As Ed Timperlake and I have argued in our book on the evolution of the maritime kill web: “Force packages or combat clusters are deployed under mission command with enough organic C2 and ISR to monitor their situations and integrate the platforms that are part of that combat cluster and to operate effectively at a point of interest. Within that combat cluster, the C2 and ISR systems allow for reachback to non-organic combat assets which are then conjoined operational for a period of time to that combat cluster and becomes part of an expanded modular task force.

“With the right kind of security arrangement, and C2 and ISR capabilities, the presence force, now an expanded modular task force, need not be American to expand the reach and effectiveness of the operational force in the extended battlespace. Such an approach and capabilities are the essence of what a kill-web enabled force is and how such integratability can close the geographical and combat seams which 21st century authoritarian powers are focused on generating.

“This allows for the kind of escalation management and control crucial for the competition with the 21st Century authoritarian powers. It is not about getting to World War III as rapidly as possible or generating nuclear exchanges early in a widening conflict. It is about escalation control and management, and an ability to close seams which adversaries seek to open to gain significant escalation dominance as they expand the reach and range of those 21st century authoritarian powers.”

Rear Admiral Jablon underscored the nature of the shift as follows: “The submarine force is now becoming part of the ‘combat clusters’ that you’re talking about instead of an independent operator.  In the Cold War, we operated independently, alone, and unafraid. During the land wars, we started becoming part of the joint force as we provided land fires via the TLAM. Now, we are fully integrated with the joint force in terms of targeting and communications. But, of course, we can also conduct independent operations as the ‘silent service’ when directed.”

The broadening of the submarine’s role within joint warfighting is being expanded by the arrival and then growth in capability of autonomous systems. In my own view, rather than seeing autonomous systems in the short- or medium-term creating ghost fleets, their role will be to expand the range, capability, and lethality of capital assets. Rather than looking simply at the organic capability on a specific platform, we will consider surface ships using such capabilities as becoming mother ships and submarines will share in this development as well.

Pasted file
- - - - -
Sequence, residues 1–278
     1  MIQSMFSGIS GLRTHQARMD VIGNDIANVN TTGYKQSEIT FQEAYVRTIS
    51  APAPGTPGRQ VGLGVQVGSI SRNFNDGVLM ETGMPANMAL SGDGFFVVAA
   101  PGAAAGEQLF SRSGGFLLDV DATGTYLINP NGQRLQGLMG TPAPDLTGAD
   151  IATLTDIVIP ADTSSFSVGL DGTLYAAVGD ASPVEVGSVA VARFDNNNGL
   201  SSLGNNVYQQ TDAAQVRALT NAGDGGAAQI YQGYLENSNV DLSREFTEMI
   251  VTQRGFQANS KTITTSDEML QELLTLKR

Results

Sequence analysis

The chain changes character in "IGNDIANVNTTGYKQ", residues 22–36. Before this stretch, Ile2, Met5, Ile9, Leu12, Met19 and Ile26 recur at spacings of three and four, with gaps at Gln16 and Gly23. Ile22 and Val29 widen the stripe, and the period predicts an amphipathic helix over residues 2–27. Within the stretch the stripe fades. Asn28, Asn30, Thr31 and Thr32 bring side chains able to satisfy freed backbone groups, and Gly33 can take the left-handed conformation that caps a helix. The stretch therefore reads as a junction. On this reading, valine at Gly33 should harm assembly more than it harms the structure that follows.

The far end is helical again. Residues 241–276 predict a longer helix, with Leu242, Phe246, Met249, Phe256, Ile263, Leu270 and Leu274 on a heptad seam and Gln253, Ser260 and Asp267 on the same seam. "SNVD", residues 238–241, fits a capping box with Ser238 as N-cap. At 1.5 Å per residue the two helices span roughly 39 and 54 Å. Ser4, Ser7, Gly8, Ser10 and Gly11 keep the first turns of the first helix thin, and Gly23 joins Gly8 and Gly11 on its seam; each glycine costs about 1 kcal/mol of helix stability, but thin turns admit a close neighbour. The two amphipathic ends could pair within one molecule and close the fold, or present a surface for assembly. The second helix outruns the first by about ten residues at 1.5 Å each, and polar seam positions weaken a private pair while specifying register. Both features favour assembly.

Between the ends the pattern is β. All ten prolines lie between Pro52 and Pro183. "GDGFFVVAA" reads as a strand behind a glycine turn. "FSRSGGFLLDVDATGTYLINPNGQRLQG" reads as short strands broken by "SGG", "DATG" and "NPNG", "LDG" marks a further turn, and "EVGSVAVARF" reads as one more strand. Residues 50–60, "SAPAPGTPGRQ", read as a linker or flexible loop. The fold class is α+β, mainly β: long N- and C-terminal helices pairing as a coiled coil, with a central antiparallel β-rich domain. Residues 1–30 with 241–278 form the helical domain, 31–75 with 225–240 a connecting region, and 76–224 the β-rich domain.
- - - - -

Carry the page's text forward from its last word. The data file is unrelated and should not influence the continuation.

Rear Admiral Jablon specifically mentioned two types of autonomous developments of note for the submarine fleet. One is the ability to operate a UUV out of a torpedo tube, with the UUV coming back after its mission to offload data specifically onboard the submarine.

The second autonomous development is the ability to launch a UAV while submerged to enable joint fires. Rear Admiral Jablon said that they had specifically worked this with the USMC as the force develops its Expeditionary Advanced Base Operations (EABO) solution set.

But the USMC can leverage autonomous systems in other ways to support their EABOs and to deliver combat effects from their distributed forces inserted in the chessboard of operations,

I will turn to such an approach in the next article.

Featured Photo:  The CH-53K King Stallion successfully plugs into a funnel-shaped drogue towed behind a KC-130J during aerial refueling wake testing over the Chesapeake Bay. USN photos by Erik Heldebrandt. April 6, 2020.